The Wall Street Journal carried an article this past week on the change in management philosophy at GE. GE under Jack Welch was the quintessential conglomerate. It had divisions in unrelated industries such as media (NBC), finance (GE capital), and aircraft engines. Welch prized general managers who had no special expertise in a particular industry. He force-ranked executives, and fired the bottom ten percent each year. He shed companies if they were not at the very top of their industrial sectors. He was a leader in cost-cutting, firing so many employees, that he was called “neutron Jack,” after a neutron bomb which presumably killed people without demolishing buildings. Under Welch’s leadership the conglomerate’s primary task was to grow shareholder value, not serve customers or satisfy the needs of diverse stakeholders.
Nonetheless, the conglomerate as a corporate form was and remains controversial. Born in 1960s and simulated by the conception of the corporation as a portfolio of businesses, it came under attack by corporate raiders in the 1980s who bet, it turned out correctly, that many conglomerates were worth more broken up into their separate divisions, than held together.
Was Welch’s GE therefore the exception? From 1981 to 2001, under his leadership, the stock split 5 times so that a share worth about $57, in 1981 was worth $2300 at the end of 2000. But as the following graph shows the value of this same share dropped precipitously during the Great recession
In retrospect it appears that GE capital, a financial services company and a core part of the firm, enabled GE to profit handsomely from the financial sector’s disproportionate share of the overall economy’s profits. But it became a millstone around GE's neck when this selfsame sector collapsed after the housing market crashed.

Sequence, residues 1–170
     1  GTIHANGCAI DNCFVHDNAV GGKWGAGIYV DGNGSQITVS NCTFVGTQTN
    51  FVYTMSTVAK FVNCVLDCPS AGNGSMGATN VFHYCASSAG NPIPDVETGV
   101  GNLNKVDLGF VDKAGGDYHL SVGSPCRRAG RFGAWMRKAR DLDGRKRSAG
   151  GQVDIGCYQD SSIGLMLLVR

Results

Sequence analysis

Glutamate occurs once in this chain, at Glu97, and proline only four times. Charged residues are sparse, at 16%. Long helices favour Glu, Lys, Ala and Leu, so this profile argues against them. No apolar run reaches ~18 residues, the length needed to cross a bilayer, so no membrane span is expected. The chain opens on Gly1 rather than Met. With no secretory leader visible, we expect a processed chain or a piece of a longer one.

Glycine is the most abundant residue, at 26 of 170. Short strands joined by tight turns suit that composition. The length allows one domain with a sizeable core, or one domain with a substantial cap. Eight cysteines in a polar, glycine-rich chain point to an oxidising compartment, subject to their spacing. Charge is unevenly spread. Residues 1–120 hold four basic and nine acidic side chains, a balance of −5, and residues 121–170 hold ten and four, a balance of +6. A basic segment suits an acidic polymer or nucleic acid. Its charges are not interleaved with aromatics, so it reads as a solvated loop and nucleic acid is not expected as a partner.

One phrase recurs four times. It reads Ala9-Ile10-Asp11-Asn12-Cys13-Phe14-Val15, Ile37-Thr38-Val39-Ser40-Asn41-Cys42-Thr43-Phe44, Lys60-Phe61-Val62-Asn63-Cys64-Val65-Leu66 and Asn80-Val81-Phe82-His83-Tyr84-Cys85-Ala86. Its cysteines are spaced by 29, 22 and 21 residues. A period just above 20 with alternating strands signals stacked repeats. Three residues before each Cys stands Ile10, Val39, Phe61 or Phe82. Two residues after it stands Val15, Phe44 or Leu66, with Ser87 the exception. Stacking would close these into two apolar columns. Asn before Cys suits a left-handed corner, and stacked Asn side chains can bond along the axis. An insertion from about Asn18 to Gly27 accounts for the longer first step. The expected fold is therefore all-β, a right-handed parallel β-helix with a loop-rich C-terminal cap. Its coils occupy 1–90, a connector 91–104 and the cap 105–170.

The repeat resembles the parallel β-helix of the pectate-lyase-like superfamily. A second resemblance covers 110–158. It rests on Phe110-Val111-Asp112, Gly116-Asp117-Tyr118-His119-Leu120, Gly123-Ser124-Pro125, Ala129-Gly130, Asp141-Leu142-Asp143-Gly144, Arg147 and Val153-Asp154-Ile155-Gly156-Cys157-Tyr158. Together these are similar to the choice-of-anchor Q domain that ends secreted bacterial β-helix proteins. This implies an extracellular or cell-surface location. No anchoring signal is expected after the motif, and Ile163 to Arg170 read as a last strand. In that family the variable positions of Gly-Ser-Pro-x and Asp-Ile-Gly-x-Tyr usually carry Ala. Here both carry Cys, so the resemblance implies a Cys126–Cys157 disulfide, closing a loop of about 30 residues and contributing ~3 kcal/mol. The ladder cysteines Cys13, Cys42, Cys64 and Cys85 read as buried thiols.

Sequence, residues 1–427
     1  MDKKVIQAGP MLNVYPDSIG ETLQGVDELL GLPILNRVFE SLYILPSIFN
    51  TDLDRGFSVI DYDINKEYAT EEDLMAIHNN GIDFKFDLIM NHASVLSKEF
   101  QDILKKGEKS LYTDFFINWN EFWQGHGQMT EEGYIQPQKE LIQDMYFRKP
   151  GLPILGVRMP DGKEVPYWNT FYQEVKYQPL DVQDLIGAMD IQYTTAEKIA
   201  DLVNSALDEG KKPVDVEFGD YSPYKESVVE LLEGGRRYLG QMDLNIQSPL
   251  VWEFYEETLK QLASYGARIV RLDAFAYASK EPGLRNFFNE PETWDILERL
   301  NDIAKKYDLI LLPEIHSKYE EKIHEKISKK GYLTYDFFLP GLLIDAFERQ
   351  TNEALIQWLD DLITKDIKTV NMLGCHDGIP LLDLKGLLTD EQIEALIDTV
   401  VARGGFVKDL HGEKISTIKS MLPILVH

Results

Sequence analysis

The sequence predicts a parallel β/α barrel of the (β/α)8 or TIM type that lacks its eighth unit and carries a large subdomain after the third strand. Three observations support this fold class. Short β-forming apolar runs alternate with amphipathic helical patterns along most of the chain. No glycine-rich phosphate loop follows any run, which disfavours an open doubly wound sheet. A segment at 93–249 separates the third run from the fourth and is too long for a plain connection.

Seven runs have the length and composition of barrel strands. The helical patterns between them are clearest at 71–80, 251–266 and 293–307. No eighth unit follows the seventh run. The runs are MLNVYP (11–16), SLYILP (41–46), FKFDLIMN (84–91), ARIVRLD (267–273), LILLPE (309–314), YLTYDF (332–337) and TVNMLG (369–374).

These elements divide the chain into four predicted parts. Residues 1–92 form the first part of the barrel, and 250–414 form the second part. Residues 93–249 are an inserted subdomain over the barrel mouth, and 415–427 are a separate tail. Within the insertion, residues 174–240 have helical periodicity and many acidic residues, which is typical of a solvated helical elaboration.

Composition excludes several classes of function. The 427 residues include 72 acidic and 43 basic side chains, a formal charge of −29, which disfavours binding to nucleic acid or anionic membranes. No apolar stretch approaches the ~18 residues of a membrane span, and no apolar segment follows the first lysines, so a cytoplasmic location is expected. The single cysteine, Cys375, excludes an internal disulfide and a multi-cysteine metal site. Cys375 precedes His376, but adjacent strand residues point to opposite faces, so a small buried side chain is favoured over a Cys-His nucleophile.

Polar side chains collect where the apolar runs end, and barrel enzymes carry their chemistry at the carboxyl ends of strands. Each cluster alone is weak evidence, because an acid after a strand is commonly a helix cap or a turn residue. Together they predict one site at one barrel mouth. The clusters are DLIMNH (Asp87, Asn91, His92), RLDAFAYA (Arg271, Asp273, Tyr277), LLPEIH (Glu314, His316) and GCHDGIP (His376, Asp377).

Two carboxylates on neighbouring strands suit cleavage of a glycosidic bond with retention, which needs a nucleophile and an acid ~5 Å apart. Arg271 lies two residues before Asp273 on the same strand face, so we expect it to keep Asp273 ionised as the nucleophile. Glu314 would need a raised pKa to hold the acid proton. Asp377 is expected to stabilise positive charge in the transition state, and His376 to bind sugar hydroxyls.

The conglomerate once promised to be the solution to the difficulty of growing companies organically based on their historical strengths. After all competition, anti-trust laws, and the size of the market were barriers. Instead the company would grow by acquisition. But in light of the raiders’ successes and the fall in value of one share of GE, it appears that organic growth, however, challenging may still be the best way to grow.
Indeed, Jeffery Immelt, Jack Welch’s successor has refocused the company on organic growth, and this brings in its wake a changed corporate culture. Under Welch, ambitious senior executives rose to the top by gaining experience leading companies in a wide range of sectors. Their tenures were short, they focused on profits rather than revenue, they did not know their top customers very well, they uprooted their families frequently, they developed no deep industry expertise, and with the forced ranking system, they competed with each other.
Under Immelt, by contrast, ambitious executives must develop industry expertise, stay in leadership positions for a longer time, know their top customers intimately, rely on market breakthroughs to grow revenue, and focus more attention on creativity, and less on re-engineering operations to reduce cost. Welch had turned GE’s storied R&D organization from a cost to a profit center, so that it could no longer undertake research on behalf of the whole company. Immelt has rebuilt the R&D organization. In addition, Immelt has softened the impact of the forced ranking system. The purpose of Welch’s most important meeting, “Session C” was to evaluate GE’s top several hundred managers. Immelt’s top meeting is the “Commercial Council” for developing breakthrough ideas.
As these contrasts suggest, organic growth relies on the connections that executives build and sustain with each other, their employees and their customers. In the pure conglomerate these ties count for much less. In this sense, the pure conglomerate mirrors the pure market. But even in companies that grow organically executives still compete with each other for scarce capital, for visibility and for the limited number of positions at the very top. Competition and cooperation are both spurs to progress. Perhaps one reason executives take up the challenge of organic growth with ambivalence and with difficulty is that they do not know to how sustain a culture based on both cooperation and competition. This requires, it would seem, a certain level of psychological sophistication and skill. Does Immelt have what it takes?